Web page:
Fariba Pajooh


Fariba is a Ph.D. student and Graduate Teaching Assistant in the Department of Communication at Wayne State University. She is an experienced journalist and reporter, originally from Iran, with over 15 years of experience across the globe. Her focus was on Iran, Iraq, and Afghanistan.

Fariba's academic field of interest is influenced by the intercultural exposures she underwent while covering the events outside of her culture for the news media. The two main theories at the center of her academic work are parasocial contact theory and contact hypothesis, in both the argument is that virtual and in-person contact in the right context is to reduce prejudice about the "other" among a group. Fariba aims to use her journalism background and her international, intercultural work experience in the academic setting to design and teach long-term solutions for conflict among groups. While she believes in celebration of the difference and constructive conflict among cultures, she thinks the world is a better place by finding scientifically backed solutions to keep the conflict among two different ideologies at a manageable level.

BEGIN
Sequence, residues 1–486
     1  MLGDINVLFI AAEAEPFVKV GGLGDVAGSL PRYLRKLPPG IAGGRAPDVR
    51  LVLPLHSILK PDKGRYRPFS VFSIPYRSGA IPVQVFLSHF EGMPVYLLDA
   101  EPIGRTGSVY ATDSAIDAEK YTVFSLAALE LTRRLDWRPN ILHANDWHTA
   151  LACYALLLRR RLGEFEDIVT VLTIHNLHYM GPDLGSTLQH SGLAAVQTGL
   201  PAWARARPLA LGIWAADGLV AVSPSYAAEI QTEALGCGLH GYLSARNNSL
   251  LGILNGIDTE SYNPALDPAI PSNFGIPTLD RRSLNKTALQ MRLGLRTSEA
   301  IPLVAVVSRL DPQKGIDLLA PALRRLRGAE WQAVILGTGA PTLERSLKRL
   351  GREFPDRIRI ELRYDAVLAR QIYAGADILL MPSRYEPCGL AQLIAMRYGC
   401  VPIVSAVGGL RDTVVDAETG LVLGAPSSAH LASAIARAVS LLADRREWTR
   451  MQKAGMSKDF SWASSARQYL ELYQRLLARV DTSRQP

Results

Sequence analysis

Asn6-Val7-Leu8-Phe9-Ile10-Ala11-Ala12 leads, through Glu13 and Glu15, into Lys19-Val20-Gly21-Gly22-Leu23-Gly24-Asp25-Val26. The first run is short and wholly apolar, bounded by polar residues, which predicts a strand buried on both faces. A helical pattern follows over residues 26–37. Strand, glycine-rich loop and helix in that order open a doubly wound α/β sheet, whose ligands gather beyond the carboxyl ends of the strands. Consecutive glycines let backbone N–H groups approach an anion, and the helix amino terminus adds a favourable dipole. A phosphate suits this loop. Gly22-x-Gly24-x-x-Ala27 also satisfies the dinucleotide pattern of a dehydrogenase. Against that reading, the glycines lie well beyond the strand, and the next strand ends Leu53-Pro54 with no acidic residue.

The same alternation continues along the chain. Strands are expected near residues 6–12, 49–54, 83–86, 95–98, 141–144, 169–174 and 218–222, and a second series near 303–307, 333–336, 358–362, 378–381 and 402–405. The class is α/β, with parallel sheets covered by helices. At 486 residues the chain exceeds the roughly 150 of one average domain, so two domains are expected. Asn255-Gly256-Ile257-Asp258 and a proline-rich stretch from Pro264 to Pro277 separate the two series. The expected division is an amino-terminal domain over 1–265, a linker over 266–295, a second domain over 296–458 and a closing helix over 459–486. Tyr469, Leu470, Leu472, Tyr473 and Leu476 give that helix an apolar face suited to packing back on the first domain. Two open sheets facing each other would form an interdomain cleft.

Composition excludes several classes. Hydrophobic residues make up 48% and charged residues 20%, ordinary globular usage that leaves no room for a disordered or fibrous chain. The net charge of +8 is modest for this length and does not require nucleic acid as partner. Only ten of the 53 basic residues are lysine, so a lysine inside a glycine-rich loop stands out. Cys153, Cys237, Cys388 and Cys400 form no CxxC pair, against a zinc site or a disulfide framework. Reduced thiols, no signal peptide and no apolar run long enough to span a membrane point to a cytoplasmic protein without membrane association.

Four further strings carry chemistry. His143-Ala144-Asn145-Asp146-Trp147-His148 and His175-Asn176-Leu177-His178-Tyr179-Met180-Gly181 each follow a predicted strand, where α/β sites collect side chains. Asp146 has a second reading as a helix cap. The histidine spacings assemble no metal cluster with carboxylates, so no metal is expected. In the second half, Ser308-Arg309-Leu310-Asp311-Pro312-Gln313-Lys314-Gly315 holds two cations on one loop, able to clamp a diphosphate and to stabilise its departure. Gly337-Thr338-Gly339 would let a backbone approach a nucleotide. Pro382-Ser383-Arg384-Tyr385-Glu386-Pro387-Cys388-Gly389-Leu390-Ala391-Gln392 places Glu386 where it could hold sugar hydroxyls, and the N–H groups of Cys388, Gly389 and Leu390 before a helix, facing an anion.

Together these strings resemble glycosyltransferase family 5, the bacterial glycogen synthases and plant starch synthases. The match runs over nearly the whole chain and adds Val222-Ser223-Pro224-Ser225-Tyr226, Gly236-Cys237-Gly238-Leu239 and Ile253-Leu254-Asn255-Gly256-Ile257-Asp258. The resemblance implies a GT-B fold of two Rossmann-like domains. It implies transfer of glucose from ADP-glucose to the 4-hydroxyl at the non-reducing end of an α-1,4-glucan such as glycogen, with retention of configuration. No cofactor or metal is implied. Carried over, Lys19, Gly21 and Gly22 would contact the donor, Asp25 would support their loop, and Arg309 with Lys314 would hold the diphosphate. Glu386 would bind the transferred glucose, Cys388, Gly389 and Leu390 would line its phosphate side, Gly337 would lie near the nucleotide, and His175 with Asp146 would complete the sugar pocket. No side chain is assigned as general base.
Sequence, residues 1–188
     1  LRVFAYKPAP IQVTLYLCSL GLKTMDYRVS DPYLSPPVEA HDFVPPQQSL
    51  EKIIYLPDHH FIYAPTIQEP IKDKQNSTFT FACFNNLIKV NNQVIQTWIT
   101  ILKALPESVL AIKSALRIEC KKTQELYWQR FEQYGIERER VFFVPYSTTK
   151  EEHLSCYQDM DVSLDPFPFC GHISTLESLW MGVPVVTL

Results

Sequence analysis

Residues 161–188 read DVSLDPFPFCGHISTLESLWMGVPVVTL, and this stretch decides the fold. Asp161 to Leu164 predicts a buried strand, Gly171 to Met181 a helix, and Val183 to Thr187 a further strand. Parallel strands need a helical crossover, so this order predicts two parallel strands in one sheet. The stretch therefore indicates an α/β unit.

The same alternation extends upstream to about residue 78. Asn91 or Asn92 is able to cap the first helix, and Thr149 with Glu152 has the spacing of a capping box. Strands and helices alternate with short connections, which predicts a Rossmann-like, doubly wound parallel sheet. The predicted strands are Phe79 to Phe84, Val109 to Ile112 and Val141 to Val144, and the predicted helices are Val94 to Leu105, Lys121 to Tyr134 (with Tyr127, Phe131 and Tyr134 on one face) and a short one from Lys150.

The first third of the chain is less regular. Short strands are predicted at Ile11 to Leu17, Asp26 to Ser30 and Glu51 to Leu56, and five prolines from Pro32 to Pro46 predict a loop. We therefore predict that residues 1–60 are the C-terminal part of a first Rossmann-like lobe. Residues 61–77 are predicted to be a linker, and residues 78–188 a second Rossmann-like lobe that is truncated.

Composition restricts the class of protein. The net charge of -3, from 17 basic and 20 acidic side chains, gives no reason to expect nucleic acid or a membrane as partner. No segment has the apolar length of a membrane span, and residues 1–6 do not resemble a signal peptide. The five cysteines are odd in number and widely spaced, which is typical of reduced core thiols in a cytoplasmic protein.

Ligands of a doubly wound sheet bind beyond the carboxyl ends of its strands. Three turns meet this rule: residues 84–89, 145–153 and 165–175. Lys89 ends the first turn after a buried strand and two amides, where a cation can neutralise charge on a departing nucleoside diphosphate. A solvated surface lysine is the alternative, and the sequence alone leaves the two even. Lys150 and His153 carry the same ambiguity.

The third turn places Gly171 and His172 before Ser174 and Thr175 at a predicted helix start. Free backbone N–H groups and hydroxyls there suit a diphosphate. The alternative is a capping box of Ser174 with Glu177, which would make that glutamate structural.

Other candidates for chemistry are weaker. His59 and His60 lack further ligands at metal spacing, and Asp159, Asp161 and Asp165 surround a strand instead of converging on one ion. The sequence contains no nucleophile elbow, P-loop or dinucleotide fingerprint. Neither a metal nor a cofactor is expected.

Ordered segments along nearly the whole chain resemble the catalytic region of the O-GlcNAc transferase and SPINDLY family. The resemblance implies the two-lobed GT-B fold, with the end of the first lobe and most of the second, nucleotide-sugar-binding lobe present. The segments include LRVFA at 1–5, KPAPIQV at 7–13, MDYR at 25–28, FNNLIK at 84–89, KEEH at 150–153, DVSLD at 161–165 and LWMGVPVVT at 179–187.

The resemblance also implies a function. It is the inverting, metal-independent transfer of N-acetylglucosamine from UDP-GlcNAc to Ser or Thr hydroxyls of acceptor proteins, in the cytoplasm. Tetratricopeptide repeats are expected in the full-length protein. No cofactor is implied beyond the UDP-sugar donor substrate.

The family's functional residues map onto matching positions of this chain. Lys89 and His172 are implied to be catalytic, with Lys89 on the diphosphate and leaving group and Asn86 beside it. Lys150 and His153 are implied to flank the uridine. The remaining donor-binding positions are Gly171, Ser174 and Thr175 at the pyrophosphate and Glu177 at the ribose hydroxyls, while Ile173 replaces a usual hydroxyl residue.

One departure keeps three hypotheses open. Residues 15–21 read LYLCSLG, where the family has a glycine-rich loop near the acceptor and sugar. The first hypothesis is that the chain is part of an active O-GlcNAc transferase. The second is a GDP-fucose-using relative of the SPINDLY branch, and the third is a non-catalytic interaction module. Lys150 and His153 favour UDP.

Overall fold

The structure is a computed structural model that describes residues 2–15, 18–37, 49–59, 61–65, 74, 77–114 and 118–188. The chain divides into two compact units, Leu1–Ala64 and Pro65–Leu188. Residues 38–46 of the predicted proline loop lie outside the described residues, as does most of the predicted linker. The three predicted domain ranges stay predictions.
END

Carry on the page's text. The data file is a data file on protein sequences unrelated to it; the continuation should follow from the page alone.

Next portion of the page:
Fariba earned her Masters in Journalism from the Medill School at Northwestern University in 2017. She was also nominated for the UNESCO/Guillermo Cano World Press Freedom Prize of 2020, given her journalism background.